The Many Roles of a Project Manager

Valarie Griep, MBA, PMP - June 2011

"All the world's a stage and all the men and women merely players.
They have their exits and their entrances; and one man in his time plays many parts"
from As You Like It by William Shakespeare, 1600 AD

Project managers are a lot like the actors Shakespeare described. They play many roles over the course of a project. And each project they lead may require a different set of roles. A study published last year ("The role of the project manager: all things to all people?") defines 32 possible roles a project manager can play and how they may change over time on similar projects.

Roles Defined


By examining this list you may find familiar roles you regularly play on your projects, and perhaps a few you seldom or never play. The asterisks indicate the roles most often played by the project managers in the study. In a way, you can think of these roles as your toolbox of possible courses of action. In some project situations it may be clear that you should perform a certain role. And at other times, you may have to decide between two equally plausible courses of action: you could be a negotiator or act more autonomously as the decision maker. The interaction with others and the outcome could be very different if you seek a win/win solution as a negotiator versus making the decision without input.

Expanding Roles With Experience

The project managers studied were aged between 23 and 62 and the number of roles undertaken in their projects is shown in the graph below.


Not surprisingly it was found that as the age (and experience?) of the project manager increases, they generally play a greater number of the roles. Each project is a unique undertaking, and the combination of skills we employ must be suited to that project's challenges. If we have a less experienced team we'll need to spend more time motivating and communicating. But if the project involves a lot of organizational change, we may need to employ the roles of diplomat, communications facilitator, and disturbance handler more often. Understanding the critical success factors of our project will help us determine which roles we need to play. In addition, we may see that some roles are more likely to be needed in certain phases in the project. For example, the planning and organizing roles are needed in all phases but especially in the early stages of initiating and planning the project. The progress controller, implementer, and quality coordinator roles are more prevalent in the execution phase of the project. So over the project life cycle, we'll see a shift in the roles used and the amount of time spent in the different roles.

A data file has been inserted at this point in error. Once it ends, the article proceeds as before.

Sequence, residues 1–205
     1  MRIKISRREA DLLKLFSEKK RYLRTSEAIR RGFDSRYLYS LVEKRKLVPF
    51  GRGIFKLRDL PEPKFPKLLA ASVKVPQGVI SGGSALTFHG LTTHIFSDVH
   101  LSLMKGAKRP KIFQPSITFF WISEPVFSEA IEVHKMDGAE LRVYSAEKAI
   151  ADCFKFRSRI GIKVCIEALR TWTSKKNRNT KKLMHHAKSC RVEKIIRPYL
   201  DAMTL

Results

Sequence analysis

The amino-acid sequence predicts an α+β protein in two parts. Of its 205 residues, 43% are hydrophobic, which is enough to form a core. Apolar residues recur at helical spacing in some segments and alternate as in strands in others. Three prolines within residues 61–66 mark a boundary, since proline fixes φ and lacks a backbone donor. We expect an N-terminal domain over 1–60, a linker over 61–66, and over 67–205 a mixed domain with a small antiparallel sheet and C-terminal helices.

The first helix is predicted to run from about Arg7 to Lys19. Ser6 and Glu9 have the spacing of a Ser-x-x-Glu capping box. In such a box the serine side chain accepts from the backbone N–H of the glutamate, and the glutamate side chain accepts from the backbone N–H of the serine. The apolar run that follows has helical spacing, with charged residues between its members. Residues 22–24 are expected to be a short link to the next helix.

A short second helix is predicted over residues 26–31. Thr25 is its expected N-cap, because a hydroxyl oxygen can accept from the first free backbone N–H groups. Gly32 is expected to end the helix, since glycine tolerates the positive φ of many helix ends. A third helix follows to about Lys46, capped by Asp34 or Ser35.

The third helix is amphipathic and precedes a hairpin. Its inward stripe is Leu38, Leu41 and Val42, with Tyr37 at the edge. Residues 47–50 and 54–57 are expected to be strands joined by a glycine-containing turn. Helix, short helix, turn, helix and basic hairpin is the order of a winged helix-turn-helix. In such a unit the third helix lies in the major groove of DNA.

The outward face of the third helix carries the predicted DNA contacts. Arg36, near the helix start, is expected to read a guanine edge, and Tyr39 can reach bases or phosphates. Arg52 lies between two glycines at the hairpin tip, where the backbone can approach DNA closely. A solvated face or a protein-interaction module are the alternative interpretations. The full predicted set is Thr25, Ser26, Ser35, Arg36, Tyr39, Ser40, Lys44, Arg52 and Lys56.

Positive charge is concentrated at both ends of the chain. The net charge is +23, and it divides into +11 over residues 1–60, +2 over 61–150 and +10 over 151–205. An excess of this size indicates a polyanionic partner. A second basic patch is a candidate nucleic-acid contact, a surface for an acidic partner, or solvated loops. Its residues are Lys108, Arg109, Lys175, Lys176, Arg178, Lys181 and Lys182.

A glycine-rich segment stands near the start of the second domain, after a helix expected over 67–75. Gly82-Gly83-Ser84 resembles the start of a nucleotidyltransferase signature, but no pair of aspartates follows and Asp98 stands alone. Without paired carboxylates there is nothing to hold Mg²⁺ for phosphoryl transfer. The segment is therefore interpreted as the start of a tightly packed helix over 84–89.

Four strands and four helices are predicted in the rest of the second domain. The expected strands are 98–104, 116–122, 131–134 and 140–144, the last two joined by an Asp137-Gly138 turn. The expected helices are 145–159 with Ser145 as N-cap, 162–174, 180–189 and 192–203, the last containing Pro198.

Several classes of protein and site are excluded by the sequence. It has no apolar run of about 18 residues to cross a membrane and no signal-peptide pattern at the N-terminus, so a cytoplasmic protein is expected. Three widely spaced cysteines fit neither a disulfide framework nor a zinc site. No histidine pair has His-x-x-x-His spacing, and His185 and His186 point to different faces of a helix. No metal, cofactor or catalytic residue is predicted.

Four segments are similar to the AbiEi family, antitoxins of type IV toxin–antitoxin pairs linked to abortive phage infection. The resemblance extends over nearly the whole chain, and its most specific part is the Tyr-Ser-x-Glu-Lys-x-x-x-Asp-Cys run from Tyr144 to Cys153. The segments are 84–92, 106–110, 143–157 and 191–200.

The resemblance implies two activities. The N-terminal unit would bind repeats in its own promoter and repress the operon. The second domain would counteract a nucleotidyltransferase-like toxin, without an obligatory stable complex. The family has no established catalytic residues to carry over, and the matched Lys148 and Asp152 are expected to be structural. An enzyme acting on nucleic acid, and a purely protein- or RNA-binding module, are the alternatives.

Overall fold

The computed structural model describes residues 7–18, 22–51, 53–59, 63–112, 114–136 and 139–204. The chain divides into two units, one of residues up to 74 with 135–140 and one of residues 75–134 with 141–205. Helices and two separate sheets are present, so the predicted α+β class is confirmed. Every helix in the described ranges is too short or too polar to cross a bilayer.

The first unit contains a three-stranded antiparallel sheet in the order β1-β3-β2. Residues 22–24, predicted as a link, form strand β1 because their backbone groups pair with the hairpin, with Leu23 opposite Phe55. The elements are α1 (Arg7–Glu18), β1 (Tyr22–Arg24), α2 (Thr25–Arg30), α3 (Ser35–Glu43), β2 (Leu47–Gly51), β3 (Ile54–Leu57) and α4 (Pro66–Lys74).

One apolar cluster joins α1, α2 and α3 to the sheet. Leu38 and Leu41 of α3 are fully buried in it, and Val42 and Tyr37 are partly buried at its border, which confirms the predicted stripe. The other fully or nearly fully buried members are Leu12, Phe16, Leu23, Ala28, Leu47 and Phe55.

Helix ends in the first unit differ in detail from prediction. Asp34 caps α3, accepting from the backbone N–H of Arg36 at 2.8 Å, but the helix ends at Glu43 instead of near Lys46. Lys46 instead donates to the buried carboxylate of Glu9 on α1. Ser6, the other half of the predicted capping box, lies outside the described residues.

The skills we, as individuals, bring to bear are as unique as the project we are working on. There's no one ideal personality type or bundle of skills that indicate the perfect project manager. Early in our career, we may need to play a role that we don't have the skill for but we go ahead and try it, or find a way to learn it, or perhaps we compensate by playing a role we do well. As our experience grows, we will master more roles and be better equipped to employ the best role for the situation at hand. Perhaps the key take-away from the study is the underlying and unspoken issue that there's an art to knowing what role is needed on a project at any particular point in time. When presented with a project situation, we need to be able to switch to the role that is likely to deal with the situation most effectively. The switch should be quick and seamless. That's where experience comes into play. There's no substitute for that experience which allows you to adjust your approach to get the best results. There are many ways to acquire this experience:

  • Learn by doing...sometimes by doing it wrong!
  • Formal methods like books, seminars, and training classes.
  • Observing a more experienced project manager in a similar situation then emulating them.
  • Mentoring and coaching from a more experienced person.
  • Self-reflection after pertinent opportunities to play a role.

I find this last method to be an especially effective way to accelerate skill development. Let's say that shortly after a stakeholder update meeting you take a few minutes to review the meeting in your mind. What did you do well? What didn't go well? What role or roles did you intend to play in the meeting? How effective were you? And what should you do different next time? If you don't think you can be objective about yourself, ask someone in the meeting whose opinion you trust for feedback. Of course, we all have a preferred learning style and yours may respond better to one of the other methods.

Play the Roles Your Project Needs

There are many roles we need to play as project managers. We must look at the project's needs and our abilities objectively, and then try to match our skills with those needs. Over time, with thoughtful effort, we can increase our ability to play the roles our projects need and thereby make them more successful.

James Sommerville, Nigel Craig, Julie Hendry. "The role of the project manager: all things to all people?" Structural Survey 28,2 (2010): 132-141.

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